The density of the fluid 78 is selected so that, after it is flowed into the wellbore 12 (e.g., filling the wellbore from the barrier substance 74 to the surface), an appropriate hydrostatic pressure will be thereby applied to the fluid 18 exposed to the formation 64. Preferably, at any selected location along the uncased portion 12 b of the wellbore 12, the pressure in the fluid 18 will be equal to, or only marginally greater than (e.g., no more than approximately 100 psi greater than), pore pressure in the formation 64. However, other pressures in the fluid 18 may be used in other examples.
While the barrier substance 74 is being placed in the wellbore 12, and while the fluid 78 is being flowed into the wellbore, the control system 90 preferably maintains the pressure in the fluid 18 exposed to the formation 64 substantially constant (e.g., varying no more than a few psi). The control system 90 can achieve this result by automatically adjusting the choke 34 as fluid exits the annulus 20 at the surface, as described above, so that an appropriate backpressure is applied to the annulus at the surface to maintain a desired pressure in the fluid 18 exposed to the formation 64.
Note that, since different density substances (e.g., barrier substance 74 and fluid 78) are being introduced into the wellbore 12, the annulus pressure setpoint will vary as the substances are introduced into the wellbore. Preferably, the density of the fluid 78 is selected so that, upon completion of the step of flowing the fluid 78 into the wellbore 12, no pressure will need to be applied to the annulus 20 at the surface in order to maintain the desired pressure in the fluid 18 exposed to the formation 64.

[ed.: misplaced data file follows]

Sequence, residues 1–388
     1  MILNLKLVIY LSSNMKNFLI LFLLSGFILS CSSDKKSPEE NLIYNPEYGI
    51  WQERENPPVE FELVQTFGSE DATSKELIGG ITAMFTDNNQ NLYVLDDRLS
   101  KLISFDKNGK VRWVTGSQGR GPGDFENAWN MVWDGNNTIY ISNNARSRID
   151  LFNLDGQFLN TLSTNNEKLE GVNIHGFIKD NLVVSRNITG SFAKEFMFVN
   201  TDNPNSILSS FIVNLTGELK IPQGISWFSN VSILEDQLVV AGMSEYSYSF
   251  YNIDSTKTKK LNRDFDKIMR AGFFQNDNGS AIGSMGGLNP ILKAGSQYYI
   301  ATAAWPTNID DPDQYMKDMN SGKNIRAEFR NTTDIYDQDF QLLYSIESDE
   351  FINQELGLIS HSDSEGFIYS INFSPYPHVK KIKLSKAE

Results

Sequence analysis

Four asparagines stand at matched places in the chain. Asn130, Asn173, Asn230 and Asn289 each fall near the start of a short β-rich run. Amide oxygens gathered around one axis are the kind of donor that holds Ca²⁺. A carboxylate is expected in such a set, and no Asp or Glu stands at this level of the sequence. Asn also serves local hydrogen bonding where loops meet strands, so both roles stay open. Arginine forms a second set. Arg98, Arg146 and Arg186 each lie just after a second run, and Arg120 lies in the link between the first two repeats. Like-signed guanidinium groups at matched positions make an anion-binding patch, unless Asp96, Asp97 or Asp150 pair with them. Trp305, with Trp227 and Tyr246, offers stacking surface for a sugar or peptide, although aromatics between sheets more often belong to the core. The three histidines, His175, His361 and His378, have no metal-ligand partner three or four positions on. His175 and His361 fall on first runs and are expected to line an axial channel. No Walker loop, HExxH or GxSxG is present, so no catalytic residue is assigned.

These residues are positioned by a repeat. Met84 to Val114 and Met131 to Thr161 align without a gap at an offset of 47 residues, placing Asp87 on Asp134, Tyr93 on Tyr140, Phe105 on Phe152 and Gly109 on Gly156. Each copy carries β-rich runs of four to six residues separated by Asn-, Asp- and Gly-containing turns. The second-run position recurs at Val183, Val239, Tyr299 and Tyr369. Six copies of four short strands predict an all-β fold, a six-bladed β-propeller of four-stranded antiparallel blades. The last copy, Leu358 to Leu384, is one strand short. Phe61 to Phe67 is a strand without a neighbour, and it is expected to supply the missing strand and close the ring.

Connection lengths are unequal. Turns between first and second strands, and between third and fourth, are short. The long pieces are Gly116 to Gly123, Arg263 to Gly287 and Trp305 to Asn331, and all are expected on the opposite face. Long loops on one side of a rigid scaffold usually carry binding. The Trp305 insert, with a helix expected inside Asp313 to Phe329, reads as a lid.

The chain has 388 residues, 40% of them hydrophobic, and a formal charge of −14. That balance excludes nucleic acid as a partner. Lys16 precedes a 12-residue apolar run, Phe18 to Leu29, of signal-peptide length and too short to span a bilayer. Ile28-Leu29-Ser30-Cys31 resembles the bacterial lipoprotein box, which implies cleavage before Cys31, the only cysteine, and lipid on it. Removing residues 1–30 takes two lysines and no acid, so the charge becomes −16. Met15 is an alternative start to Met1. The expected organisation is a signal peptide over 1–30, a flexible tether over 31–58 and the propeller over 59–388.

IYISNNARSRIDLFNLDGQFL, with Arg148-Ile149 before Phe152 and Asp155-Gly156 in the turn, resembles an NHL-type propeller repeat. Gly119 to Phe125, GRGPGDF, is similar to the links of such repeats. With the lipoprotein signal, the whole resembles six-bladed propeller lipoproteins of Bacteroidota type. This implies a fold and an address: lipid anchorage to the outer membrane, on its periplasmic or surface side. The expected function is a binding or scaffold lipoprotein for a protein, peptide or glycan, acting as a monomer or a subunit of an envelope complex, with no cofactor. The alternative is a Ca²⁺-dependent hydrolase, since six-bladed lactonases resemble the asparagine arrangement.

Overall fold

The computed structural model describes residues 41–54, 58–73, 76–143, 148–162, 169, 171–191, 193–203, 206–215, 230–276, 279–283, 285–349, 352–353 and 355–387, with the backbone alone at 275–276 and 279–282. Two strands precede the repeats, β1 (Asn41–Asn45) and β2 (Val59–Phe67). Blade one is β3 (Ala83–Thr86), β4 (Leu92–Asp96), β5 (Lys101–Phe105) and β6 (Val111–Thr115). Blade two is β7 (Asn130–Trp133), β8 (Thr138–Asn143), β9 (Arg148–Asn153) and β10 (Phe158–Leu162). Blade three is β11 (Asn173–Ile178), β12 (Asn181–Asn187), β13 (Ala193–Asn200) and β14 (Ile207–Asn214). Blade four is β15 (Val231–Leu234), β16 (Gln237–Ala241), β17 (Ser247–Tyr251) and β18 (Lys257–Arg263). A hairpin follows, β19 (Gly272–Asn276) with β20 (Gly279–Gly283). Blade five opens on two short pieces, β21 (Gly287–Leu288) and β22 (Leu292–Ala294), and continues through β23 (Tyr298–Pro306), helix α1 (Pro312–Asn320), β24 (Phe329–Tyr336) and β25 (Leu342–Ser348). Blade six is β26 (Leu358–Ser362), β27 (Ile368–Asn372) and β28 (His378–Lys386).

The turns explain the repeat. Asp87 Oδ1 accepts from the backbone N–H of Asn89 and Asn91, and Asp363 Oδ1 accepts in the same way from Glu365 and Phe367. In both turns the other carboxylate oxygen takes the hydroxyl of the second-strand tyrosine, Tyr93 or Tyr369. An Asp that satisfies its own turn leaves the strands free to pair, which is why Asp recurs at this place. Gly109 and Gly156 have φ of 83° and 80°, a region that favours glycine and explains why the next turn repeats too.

In this manner, a snubbing unit will not be necessary for subsequent well operations (such as, running casing, installing a completion assembly, wireline or coiled tubing logging, etc.). However, a snubbing unit may be used, if desired.
Preferably, the barrier fluid 74 will prevent mixing of the fluids 18, 78, will isolate the fluids from each other, will prevent migration of gas 80 upward through the wellbore 12, and will transmit pressure between the fluids. Consequently, excessively increased pressure in the uncased portion 12 b of the wellbore exposed to the formation 64 (which could otherwise result from opening a downhole deployment valve, etc.) can be prevented, excessively reduced pressure can be prevented from being exposed to the uncased portion of the wellbore, gas in the fluid 18 can be prevented from migrating upwardly through the wellbore to the surface, and fluids (such as higher density fluids) other than the fluid 18 can be prevented from contacting the exposed formation.
Referring additionally now to
In an initial step 102 of the method 100, a first fluid (such as the fluid 18) is present in the wellbore 12. As in the system 10, the fluid 18 could be a drilling fluid which is specially formulated to exert a desired hydrostatic pressure, prevent fluid loss to the formation 64, lubricate the bit 14, enhance wellbore stability, etc. In other examples, the fluid 18 could be a completion fluid or another type of fluids.
The fluid 18 may be circulated through the wellbore 12 during drilling or other operations. Various means (e.g., tubular string 16, a coiled tubing string, etc.) may be used to introduce the fluid 18 into the wellbore, in keeping with the principles of this disclosure.
In a subsequent step 104 of the method 100, pressure in the fluid 18 exposed to the formation 64 is adjusted, if desired. For example, if prior to beginning the procedure depicted in
In this manner, an influx of fluid from the formation 64 into the wellbore 12 can be avoided during the remainder of the method 100. Of course, if the pressure in the fluid 18 exposed to the formation 64 is already at a desired level, then this step 104 is not necessary.
In step 106 of the method 100, the tubular string 16 is partially withdrawn from the wellbore 12. This places a lower end of the tubular string 16 at a desired lower extent of the barrier substance 74, as depicted in